International Centre of Insect Physiology and Ecology

Unlocking employment opportunities by scaling tsetse control in eastern Africa

Lead Organization

International Centre of Insect Physiology and Ecology

Nairobi, Nairobi, Kenya

http://www.icipe.org

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Project Summary

Agriculture is the major employer in Africa with up to half the population depending on it solely for income. However, tsetse flies which are native to Africa transmit nagana that kills livestock and reduces their efficiency thus limiting agricultural productivity, leading to annual economic losses of approximately US$2.5 billion and consequent unemployment/underemployment. This project brings together a partnership with more than 40 years of experience in developing and deploying tsetse control tools and creating income and jobs for underserved populations through sustainable agriculture. We have the tools to suppress tsetse and improve livestock productivity, diversify agriculture, promote equitable and sustainable agri-preneurship to create jobs. Controlling tsetse will result in improved livestock health and agricultural productivity thus improve food and nutrition security, employment opportunities and assets that enable the farmer to achieve other goals (access to quality food, education for children, access healthcare, green energy, clean water).

Problem Statement

Unemployment in rural East Africa is critical among the rural youth where informal jobs within the agricultural sector are vulnerable to natural impacts like drought and diseases. Smallholder farmers are unable to utilize their farms effectively to produce enough and create employment. Young women are disproportionately disadvantaged in rural employment. A demographic dividend, where productive youth compared are more than children and post-employment population, will not be realised unless they have quality education and decent employment. Where this is lacking the likely outcome will be a lost generation with socio-economic and political upheaval of unknown magnitude. Poor agricultural productivity results in inadequate nutrition, and stunting that already affects 35% of children under 5 years.Smallholder farming is mainly for subsistence with production sub-optimal. Farming is therefore not attracting young people. In the two countries, the average age of farmers is 58-60, yet 70% of the population is under 35. The regions of Kenya and Ethiopia with the highest poverty and lowest work for pay, are also in the tsetse belt. Tsetse control efforts have largely been small-scale, and many smallholder farmers do not recognize their potential to provide meaningful employment within the community.Controlling tsetse flies removes a major barrier to agricultural development. Envisioning smallholder farmers, providing skills and tools enable them to turn their farms into productive hubs that create employment, and addresses some challenges of the ‘youth bulge’ in eastern Africa. This would help change the perception that farming is for those not employable, or have retired.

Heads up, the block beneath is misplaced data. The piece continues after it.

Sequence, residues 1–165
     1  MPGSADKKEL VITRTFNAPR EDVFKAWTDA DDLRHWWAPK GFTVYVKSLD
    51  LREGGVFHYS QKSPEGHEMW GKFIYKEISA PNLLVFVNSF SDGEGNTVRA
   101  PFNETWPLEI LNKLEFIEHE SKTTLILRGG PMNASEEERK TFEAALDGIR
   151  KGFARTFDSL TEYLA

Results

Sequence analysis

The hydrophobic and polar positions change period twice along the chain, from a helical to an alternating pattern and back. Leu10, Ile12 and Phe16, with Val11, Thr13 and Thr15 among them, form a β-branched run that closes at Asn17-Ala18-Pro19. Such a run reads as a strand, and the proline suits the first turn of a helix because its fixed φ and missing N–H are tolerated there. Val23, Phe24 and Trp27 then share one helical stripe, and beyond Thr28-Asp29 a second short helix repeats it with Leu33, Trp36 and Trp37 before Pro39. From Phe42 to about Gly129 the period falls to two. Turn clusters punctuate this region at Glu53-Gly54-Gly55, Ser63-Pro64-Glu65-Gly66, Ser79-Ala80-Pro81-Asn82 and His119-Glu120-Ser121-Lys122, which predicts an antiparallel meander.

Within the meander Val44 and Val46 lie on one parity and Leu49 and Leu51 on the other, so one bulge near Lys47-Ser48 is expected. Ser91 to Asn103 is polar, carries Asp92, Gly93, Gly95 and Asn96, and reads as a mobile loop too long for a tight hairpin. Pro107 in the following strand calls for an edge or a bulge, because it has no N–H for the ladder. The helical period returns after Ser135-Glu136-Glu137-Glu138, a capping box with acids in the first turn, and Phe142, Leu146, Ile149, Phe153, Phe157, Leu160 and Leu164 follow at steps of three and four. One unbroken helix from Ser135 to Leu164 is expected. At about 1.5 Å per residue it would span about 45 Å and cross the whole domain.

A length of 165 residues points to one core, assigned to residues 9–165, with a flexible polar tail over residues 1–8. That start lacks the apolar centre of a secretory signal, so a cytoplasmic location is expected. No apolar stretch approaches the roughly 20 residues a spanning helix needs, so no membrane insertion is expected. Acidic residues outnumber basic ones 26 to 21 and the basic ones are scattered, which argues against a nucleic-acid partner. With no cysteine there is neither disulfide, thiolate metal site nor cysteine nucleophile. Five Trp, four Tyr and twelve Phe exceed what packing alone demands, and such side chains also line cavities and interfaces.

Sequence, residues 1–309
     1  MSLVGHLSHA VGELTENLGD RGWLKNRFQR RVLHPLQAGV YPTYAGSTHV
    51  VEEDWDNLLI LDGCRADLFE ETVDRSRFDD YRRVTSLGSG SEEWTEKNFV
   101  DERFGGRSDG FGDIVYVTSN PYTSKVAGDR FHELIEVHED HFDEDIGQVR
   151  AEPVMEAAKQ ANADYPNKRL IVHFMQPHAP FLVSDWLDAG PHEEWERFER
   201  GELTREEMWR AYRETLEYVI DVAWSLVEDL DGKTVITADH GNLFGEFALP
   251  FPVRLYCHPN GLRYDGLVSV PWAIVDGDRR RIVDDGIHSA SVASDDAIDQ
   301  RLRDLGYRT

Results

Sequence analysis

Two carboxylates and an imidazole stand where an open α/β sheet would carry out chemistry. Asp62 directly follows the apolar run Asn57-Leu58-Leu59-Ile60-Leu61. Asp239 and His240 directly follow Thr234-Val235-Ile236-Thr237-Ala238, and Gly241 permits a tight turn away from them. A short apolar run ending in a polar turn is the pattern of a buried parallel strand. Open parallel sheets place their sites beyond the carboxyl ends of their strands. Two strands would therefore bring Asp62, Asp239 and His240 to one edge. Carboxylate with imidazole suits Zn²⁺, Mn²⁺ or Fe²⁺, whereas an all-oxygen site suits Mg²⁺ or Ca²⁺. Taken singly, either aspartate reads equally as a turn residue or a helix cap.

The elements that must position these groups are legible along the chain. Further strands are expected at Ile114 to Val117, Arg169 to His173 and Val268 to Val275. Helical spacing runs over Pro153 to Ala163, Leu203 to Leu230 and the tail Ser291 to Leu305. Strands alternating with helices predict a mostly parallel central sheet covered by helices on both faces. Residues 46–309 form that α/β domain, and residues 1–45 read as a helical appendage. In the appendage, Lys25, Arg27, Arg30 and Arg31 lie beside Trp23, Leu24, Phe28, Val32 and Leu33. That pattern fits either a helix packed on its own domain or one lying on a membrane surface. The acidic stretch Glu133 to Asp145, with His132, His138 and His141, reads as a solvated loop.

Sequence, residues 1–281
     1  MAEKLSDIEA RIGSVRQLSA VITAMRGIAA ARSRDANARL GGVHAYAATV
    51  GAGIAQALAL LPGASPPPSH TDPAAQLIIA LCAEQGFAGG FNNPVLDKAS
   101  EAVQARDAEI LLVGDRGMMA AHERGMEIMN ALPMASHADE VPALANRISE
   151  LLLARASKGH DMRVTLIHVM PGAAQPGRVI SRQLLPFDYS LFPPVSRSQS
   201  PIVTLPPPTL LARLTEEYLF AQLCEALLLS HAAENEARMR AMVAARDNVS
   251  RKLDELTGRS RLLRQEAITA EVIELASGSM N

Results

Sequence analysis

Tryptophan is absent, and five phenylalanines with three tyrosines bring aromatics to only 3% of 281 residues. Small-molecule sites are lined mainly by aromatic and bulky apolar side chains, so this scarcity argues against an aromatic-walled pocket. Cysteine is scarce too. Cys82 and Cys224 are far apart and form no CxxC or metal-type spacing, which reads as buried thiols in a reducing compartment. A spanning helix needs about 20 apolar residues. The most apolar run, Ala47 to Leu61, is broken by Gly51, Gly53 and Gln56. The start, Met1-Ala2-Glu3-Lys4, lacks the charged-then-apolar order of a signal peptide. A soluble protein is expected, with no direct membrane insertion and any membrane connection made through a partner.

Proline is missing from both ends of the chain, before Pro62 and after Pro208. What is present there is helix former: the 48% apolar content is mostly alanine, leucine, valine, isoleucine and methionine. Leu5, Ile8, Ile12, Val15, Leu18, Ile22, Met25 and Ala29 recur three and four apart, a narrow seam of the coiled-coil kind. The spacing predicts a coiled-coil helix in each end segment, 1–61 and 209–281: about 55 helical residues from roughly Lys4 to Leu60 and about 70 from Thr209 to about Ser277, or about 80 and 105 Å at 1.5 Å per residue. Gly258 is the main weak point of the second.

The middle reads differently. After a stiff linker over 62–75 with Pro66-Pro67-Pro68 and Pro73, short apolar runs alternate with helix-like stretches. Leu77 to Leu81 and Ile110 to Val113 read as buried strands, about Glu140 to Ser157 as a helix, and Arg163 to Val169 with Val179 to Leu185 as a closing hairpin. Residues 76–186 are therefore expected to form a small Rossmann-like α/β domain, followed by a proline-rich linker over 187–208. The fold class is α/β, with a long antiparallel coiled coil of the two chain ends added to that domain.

Solution Overview

This solution removes tsetse and nagana as a significant barrier to livestock productivity. This is then consolidated through enhancement of sustainable livelihoods for smallholder livestock and crop farmers, through an integrated vector and parasite control approach, farm/community level advancements and farm practices that ensure sustainable productivity that creates employment and has high returns. This provides opportunities for employment and income generation. Send A Cow has demonstrated that this approach gives a return on investment of US$6 for every US$1 invested. The tsetse and nagana control approach provide employment within the community and ensures that these skills are retained in the community.A comprehensive baseline assessment will be done at two main levels: (i) tsetse distribution, abundance and species diversity, and status of nagana in livestock; (ii) employment and income, gender inclusion, socio-economic indicators. Impact surveys will be undertaken annually. Appropriate tools will be used to ease and enhance accuracy. The solution will have impact on a wide geographic area of tsetse-infestation in Kenya and Ethiopia, and significant depth at household and community level in gender and social inclusion, farming systems and enterprise development including the use of Information and Communication Technologies (ICT).The key beneficiaries will be 2 million smallholder livestock and crop farming households (ca. 10-12 million people) in tsetse-infested lands, the youth and women. We also use the value chain approach to job creation, enhance value chains (aggregators, value addition, marketers), consumers and innovation incubators; in addition to improving food and nutrition security.

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